The patient was advised acyclovir 400 mg three times a day for 10 days, prednisolone 60 mg once a day early morning with a glass of milk to be tapered over a period of three weeks. Moreover, the patient was given radical treatment for vivax malaria with primaquine 30 mg once a day for 14 days after confirming normal G6PD levels. Physiotherapy was given for strengthening of facial muscles in the form of facial massage and facial nerve stimulation. The patient started showing improvement in weakness after 2 months, but still has some residual weakness after 3 years.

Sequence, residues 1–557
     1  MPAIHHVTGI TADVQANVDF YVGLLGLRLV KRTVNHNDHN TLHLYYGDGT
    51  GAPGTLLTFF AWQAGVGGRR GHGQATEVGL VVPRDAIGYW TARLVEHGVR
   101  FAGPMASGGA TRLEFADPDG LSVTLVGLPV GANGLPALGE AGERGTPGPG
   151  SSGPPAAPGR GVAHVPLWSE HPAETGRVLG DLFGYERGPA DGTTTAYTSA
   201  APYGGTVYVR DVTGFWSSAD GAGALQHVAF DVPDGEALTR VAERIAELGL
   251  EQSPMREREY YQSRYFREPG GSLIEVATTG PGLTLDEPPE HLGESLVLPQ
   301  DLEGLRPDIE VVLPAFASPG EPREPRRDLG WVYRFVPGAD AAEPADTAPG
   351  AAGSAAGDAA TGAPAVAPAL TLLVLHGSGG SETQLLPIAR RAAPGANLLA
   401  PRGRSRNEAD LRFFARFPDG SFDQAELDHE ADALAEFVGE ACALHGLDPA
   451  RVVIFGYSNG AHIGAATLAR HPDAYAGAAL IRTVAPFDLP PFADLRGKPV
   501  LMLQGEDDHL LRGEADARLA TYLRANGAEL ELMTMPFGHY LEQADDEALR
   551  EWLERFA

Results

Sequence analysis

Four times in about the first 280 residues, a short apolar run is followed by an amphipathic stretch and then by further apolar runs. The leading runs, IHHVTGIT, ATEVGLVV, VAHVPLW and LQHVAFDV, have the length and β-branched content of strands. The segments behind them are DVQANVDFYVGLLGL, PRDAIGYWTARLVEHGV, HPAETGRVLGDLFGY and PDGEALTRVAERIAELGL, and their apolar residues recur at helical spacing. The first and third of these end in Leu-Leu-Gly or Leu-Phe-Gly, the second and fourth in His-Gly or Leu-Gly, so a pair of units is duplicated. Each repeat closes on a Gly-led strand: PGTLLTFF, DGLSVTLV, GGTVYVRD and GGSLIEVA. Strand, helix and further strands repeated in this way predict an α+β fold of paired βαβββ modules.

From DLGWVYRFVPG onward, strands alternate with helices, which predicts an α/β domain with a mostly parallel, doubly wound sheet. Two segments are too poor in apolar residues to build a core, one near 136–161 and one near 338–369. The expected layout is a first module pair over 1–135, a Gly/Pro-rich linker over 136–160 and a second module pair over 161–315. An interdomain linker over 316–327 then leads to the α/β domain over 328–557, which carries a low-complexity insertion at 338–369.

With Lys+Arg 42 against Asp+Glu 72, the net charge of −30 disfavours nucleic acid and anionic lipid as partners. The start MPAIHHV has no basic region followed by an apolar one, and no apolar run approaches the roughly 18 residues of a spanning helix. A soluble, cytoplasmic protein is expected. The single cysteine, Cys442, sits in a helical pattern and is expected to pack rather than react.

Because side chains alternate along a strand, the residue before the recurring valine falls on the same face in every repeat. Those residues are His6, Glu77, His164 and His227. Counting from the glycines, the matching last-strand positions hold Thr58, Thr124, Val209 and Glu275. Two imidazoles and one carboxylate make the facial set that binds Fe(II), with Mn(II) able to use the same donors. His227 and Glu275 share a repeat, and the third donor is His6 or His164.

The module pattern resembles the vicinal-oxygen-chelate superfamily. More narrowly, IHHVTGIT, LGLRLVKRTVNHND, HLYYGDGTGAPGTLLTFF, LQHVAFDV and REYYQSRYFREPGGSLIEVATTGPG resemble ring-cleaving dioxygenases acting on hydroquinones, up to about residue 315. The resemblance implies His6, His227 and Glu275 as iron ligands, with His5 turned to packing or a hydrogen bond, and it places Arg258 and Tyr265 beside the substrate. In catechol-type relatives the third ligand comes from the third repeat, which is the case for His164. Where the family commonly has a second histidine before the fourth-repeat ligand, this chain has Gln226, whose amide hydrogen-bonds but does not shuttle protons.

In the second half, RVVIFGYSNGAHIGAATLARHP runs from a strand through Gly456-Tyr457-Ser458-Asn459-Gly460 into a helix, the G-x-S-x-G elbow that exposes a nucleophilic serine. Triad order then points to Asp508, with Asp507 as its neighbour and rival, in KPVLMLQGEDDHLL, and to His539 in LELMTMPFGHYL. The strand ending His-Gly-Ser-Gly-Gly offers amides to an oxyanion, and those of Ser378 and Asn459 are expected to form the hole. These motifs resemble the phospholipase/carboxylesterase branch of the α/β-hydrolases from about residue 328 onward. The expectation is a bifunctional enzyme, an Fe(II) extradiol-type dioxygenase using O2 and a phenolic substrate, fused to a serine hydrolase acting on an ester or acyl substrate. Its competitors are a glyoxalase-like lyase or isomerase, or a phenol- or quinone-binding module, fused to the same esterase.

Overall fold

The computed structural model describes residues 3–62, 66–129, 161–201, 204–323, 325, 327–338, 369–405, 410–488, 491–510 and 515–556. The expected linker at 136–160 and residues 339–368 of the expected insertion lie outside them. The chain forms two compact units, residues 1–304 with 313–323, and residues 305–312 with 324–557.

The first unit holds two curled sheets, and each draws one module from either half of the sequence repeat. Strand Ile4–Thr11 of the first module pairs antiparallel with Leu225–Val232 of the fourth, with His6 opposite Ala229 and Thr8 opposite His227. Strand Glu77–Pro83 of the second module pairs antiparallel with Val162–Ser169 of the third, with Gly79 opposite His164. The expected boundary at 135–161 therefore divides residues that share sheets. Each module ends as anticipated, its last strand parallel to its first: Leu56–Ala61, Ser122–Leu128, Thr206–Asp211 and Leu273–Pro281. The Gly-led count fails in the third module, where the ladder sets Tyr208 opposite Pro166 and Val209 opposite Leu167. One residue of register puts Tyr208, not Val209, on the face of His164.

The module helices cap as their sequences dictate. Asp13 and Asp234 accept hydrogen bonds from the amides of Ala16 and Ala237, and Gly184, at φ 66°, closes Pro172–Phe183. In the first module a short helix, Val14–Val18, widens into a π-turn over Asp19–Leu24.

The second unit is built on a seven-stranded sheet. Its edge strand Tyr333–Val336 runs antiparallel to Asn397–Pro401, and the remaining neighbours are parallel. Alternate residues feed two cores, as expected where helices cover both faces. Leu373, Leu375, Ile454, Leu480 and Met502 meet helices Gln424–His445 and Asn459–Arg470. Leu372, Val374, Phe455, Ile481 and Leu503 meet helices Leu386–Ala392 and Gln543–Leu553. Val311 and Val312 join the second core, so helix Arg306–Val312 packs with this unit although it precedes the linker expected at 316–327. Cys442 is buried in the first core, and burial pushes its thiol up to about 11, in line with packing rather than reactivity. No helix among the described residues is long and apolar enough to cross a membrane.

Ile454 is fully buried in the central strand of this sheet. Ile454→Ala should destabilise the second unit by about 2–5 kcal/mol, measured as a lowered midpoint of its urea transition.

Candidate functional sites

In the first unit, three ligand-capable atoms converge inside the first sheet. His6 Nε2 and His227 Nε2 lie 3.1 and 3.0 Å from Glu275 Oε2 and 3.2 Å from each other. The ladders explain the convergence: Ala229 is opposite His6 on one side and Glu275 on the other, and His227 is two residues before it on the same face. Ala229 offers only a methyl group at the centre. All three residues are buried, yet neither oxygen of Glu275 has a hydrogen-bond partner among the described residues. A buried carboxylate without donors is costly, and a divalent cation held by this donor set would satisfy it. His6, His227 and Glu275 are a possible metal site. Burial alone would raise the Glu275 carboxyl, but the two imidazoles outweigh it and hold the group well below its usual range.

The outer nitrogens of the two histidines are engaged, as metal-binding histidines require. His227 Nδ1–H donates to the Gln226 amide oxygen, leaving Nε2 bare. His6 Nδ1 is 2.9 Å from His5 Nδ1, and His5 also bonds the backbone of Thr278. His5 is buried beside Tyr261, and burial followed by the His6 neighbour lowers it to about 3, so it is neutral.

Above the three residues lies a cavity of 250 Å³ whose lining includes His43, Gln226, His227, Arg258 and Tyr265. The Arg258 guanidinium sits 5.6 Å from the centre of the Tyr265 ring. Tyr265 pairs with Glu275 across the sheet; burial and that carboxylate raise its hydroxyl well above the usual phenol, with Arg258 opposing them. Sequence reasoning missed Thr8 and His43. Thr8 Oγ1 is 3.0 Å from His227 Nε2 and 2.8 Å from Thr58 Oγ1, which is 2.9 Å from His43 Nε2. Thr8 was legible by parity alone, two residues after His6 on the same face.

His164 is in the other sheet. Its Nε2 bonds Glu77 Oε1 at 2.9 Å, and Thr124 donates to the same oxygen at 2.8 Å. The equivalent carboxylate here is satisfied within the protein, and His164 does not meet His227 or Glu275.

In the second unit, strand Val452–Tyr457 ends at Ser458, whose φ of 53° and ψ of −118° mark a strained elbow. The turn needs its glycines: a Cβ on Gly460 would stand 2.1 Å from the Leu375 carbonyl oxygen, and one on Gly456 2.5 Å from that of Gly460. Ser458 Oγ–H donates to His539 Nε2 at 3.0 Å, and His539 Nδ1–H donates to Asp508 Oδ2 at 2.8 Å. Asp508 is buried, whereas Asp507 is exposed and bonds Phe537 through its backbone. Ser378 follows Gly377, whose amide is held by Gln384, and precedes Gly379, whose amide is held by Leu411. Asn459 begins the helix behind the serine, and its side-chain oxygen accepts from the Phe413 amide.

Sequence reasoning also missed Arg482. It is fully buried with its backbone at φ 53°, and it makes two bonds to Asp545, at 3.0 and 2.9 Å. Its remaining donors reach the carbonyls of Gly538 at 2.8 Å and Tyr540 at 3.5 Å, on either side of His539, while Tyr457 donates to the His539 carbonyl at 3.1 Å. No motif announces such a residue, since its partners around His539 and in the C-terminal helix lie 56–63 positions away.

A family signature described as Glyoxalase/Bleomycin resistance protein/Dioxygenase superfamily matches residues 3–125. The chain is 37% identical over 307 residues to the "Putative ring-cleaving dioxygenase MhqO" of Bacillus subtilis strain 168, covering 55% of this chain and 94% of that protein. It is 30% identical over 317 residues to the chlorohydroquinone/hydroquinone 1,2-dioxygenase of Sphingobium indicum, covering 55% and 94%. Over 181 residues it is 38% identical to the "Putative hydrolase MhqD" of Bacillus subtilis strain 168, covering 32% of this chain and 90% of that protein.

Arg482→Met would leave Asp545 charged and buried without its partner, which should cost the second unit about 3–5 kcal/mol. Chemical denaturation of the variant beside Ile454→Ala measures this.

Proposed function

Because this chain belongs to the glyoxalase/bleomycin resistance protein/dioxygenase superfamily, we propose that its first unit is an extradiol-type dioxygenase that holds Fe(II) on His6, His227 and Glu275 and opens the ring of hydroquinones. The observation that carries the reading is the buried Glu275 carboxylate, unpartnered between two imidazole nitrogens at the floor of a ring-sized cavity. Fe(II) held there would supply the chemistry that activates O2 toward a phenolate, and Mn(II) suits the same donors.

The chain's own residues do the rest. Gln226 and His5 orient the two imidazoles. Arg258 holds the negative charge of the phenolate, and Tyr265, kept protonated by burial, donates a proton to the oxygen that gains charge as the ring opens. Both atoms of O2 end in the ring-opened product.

Malaria can sometimes cause central nervous system related complications such as cerebral malaria, which may lead to sequelae such as Guillain-Barre Syndrome (GBS), cerebellar ataxia, extra-pyramidal symptoms, trismus, peripheral neuropathy, isolated 6th nerve palsy or rarely other cranial nerve palsies. (4) The neurological spectrum of patients infected with P. vivax is limited due to small number of reported cases. Central nervous system related complications such as Acute Demyelinating Encephalomyelitis (ADEM). (5,6) due to p. vivax have been reported. Bilateral sixth cranial nerve palsy due to Plasmodium falciparum malaria has been reported in a 14-year child. (7)